The diminishment of the moon, according to R' Hirsch, is symbolic of the very concept of imperfection in the world. He points out something striking: "Sins which human beings do are after all, in truth, the only bad things in God's world." If there's deficiency, it's thanks to our own choices.
But why, people ask all the time, does God let people make evil choices? Because without the freedom to choose sin or virtue, we'd be animals or angels, but not people, and we would not have our reason for being: to dedicate ourselves to God through free-willed good choices. So, like the moon's dimunition, the presence of evil in the world is a necessary part of the scheme of things, sub-ideal though it might look.
This special korban chatat of Rosh Chodesh, then, is not atoning for any particular sin. It's atoning for the fact that sin has to exist - that the moon can't just light the sky all night like the sun does the day. It's also reframing that apparent negative as a positive, acknowledging the great gift of free will, and dedicating it to God.
R' Hirsch also relates these ideas to the Talmud's first explanation of this korban - that it's for those who became tamei without realizing it and then contaminated the holy places. In general, R' Hirsch sees being tamei as living under the illusion that physical forces are all there is, with no room for free will.4 Those contemplated by this korban are in particular danger, in that they are trapped in that illusion without even knowing it. Along comes this general chatat each month to jerk us all out of our unconscious spiritual depression and restore our sense of free will.
R' Hirsch concludes that the two ideas in the Talmud are really two sides of the same coin - dealing with the fact that we are necessarily imperfect and subject to physical forces by bringing us back to realizing the sublime free will that our imperfections enable.
I'm not sure how literally we're supposed to take the Maharal's understanding of the moon's deficiency and our cleansing for it, but the symbolic point is at least also there: When we contemplate our own limitations, we are at the point where we have the best opportunity to draw closer to God. It seems to me that this concept fits well with R' Hirsch's idea of the chatat - turning contemplation of our own [potential for] evil deeds into a celebration and rededication of our free will. For both of them, we bring the special Rosh Chodesh chatat to come closer to God over the very concept of deficiency, which the poor darkened moon, perforce embodies.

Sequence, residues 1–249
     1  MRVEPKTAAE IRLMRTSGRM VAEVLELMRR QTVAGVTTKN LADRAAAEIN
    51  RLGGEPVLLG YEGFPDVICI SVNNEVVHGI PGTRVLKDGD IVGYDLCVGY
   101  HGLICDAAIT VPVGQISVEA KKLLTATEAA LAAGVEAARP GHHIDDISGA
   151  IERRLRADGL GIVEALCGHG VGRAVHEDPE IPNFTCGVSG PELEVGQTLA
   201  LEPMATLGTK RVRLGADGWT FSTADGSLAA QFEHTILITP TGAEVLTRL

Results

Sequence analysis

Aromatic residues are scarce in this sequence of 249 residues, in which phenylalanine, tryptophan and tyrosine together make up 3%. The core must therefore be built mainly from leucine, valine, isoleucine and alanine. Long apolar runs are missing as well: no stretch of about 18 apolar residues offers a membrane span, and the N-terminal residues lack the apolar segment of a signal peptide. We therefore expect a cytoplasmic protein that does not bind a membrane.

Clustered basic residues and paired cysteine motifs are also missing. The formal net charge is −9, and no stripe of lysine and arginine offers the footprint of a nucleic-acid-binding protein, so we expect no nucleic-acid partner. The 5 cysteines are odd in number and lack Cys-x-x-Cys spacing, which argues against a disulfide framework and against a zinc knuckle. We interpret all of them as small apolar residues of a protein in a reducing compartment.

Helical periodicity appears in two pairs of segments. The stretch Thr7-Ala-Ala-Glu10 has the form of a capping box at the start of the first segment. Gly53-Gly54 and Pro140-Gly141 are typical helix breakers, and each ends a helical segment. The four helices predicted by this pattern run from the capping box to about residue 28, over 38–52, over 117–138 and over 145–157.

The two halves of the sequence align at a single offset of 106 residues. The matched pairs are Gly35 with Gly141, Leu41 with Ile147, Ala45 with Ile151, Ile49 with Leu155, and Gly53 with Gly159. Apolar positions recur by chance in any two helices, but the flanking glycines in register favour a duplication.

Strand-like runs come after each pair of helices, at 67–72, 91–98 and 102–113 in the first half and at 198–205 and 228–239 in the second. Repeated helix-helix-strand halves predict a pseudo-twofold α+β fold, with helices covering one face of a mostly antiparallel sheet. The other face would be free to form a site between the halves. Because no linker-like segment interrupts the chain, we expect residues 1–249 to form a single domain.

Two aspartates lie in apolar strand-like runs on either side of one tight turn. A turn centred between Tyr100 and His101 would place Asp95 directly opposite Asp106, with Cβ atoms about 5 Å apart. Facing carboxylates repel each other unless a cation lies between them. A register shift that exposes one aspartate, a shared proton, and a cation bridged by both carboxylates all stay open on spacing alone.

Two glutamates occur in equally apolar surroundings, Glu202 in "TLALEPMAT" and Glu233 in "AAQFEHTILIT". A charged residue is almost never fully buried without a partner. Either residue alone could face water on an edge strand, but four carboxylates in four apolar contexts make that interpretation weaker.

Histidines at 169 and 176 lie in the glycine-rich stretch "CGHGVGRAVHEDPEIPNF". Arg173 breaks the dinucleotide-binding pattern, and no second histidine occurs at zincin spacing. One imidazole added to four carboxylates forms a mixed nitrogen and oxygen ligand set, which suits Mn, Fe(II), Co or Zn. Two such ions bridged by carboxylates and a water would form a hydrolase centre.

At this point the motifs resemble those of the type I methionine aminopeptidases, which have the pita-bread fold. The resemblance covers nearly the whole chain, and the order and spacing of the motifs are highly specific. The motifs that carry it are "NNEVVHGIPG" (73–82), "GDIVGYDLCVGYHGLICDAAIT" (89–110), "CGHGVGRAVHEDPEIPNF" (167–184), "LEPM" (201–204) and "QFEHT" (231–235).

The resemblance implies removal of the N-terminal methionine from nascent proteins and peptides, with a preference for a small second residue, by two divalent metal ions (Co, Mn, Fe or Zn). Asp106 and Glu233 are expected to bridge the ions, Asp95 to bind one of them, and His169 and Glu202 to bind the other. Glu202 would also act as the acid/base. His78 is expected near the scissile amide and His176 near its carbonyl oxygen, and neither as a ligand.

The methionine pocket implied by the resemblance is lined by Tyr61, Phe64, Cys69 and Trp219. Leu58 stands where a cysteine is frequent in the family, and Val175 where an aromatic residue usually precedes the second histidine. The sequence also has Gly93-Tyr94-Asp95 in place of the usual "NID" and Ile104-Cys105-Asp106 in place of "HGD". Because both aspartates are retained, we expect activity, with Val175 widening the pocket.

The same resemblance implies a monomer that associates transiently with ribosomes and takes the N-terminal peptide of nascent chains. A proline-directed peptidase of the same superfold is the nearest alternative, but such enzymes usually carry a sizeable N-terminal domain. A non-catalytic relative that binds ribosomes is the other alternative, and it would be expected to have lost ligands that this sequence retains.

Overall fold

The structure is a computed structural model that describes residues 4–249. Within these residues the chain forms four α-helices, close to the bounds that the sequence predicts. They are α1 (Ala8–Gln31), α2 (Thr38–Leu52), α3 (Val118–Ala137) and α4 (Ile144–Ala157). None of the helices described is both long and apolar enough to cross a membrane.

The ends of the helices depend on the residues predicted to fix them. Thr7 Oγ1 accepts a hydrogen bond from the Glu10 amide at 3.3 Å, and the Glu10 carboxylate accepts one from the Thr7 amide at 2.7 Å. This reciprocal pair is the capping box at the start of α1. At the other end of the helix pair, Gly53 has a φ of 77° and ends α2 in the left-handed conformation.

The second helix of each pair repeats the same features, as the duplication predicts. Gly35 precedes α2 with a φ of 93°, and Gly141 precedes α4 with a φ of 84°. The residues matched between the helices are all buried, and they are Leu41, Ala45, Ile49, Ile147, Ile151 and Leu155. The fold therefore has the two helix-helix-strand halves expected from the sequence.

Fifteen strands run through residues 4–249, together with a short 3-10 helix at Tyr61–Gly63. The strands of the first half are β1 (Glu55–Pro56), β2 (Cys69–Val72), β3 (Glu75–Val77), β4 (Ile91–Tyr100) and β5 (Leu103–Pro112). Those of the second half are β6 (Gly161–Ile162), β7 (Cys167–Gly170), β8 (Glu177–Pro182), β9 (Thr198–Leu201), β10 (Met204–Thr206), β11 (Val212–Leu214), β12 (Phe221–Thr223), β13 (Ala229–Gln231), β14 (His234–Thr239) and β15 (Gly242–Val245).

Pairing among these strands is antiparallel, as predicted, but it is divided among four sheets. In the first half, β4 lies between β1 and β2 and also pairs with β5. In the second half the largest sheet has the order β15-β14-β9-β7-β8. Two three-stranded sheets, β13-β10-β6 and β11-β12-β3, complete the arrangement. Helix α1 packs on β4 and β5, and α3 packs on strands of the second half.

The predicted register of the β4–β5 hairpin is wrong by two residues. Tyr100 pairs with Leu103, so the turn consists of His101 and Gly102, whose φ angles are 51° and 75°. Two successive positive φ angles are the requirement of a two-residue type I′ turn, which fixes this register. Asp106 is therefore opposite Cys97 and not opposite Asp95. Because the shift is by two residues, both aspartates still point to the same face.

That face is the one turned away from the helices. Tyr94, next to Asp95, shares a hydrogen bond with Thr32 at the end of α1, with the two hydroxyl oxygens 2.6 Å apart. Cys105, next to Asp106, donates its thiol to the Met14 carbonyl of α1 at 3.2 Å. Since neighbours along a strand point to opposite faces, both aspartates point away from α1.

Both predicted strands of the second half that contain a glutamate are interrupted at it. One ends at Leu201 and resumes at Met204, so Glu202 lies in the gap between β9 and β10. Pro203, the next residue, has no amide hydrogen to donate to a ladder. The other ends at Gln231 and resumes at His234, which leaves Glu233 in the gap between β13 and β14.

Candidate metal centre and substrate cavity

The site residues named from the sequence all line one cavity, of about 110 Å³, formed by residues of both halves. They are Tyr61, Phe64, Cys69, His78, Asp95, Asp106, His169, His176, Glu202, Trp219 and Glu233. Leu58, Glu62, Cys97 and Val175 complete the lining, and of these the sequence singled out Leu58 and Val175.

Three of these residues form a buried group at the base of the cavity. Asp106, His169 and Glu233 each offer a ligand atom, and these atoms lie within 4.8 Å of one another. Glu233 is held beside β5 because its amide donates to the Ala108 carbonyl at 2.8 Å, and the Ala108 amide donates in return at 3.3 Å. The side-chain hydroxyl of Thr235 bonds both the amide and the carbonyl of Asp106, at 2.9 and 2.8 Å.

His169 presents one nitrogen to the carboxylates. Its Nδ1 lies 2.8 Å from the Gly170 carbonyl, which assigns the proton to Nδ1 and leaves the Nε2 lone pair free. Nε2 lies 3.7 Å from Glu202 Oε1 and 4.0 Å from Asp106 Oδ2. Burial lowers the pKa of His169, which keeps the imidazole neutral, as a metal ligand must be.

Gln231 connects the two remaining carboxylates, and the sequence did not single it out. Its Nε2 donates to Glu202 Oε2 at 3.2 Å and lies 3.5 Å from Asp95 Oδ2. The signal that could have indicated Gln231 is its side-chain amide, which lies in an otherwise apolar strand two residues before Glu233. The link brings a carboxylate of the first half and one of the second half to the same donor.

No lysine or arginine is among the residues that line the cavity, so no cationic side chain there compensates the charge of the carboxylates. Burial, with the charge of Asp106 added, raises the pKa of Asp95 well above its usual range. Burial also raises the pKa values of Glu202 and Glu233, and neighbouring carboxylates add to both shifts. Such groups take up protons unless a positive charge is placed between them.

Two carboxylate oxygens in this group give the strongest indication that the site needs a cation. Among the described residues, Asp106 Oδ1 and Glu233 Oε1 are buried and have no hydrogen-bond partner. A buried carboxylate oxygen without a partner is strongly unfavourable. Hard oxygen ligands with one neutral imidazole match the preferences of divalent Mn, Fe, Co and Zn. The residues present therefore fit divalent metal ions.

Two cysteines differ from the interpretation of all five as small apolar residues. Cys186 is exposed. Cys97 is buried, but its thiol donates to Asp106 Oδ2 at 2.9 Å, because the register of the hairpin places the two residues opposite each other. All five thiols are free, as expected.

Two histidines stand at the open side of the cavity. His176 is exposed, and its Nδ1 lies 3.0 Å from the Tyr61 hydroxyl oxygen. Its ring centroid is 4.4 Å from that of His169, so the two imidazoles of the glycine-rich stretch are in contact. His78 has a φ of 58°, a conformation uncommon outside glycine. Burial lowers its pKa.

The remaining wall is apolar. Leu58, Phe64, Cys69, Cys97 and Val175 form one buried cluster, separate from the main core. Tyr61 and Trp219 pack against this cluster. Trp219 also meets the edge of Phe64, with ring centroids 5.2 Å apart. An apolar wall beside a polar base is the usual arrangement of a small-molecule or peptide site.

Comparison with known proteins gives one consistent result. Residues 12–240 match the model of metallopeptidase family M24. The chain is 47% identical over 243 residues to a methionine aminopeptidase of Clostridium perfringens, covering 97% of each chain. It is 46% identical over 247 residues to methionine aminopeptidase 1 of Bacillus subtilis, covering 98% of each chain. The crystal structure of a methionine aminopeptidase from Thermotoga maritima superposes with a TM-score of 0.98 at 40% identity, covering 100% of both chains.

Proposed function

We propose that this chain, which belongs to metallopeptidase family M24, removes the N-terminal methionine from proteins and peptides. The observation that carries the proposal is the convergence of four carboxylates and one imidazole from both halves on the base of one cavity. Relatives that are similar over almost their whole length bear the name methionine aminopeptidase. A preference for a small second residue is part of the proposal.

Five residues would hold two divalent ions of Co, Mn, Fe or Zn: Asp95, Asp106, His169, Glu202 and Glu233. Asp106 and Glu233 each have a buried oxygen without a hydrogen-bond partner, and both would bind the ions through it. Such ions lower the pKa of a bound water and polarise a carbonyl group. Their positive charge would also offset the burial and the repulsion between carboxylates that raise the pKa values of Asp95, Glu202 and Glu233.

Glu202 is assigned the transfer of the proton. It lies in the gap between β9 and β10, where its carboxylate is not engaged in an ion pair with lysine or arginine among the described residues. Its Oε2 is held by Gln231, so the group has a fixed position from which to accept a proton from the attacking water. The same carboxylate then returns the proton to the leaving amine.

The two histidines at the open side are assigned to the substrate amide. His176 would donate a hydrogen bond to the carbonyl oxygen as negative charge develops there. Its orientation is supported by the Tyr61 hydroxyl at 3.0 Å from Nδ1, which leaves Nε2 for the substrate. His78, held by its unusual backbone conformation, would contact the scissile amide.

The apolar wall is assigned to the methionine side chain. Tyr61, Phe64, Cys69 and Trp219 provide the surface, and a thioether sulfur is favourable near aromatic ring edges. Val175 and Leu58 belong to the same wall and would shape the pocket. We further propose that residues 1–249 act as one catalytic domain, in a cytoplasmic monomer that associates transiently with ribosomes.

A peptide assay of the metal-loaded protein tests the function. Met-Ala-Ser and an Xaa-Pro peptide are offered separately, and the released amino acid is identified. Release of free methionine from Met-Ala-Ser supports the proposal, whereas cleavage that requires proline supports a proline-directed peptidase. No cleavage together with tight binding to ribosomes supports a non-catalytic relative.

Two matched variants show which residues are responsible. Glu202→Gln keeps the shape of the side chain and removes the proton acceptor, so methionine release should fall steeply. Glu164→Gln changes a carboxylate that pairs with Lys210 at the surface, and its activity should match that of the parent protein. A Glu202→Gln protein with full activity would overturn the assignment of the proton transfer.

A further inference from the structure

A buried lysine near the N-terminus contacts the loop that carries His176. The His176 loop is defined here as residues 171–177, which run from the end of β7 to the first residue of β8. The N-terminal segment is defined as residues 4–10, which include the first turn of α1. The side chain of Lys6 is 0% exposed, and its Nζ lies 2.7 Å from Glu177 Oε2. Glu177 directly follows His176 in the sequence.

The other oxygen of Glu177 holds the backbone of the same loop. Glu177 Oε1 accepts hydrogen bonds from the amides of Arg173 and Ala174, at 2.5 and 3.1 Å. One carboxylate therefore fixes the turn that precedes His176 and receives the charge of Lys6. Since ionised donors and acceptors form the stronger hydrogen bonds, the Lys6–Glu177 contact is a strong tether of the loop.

1. Pertinent points are summarized in English in this torah.org lesson by R' Yitzchok Adlerstein.
2. This link is to AlHatorah's online presentation of a Hebrew translation of this commentary. English translations are available in book form.
3. For an additional moon-related image to support this idea, I suggest watching this video about the journey that Israel's Beresheet spacecraft will take (starting in three days!) to the moon. When the craft falls the lowest in its orbit, that's the best time to make a push to improve and then go even higher.
4. I discussed this concept with respect to contact with death and with respect to childbirth in previous answers.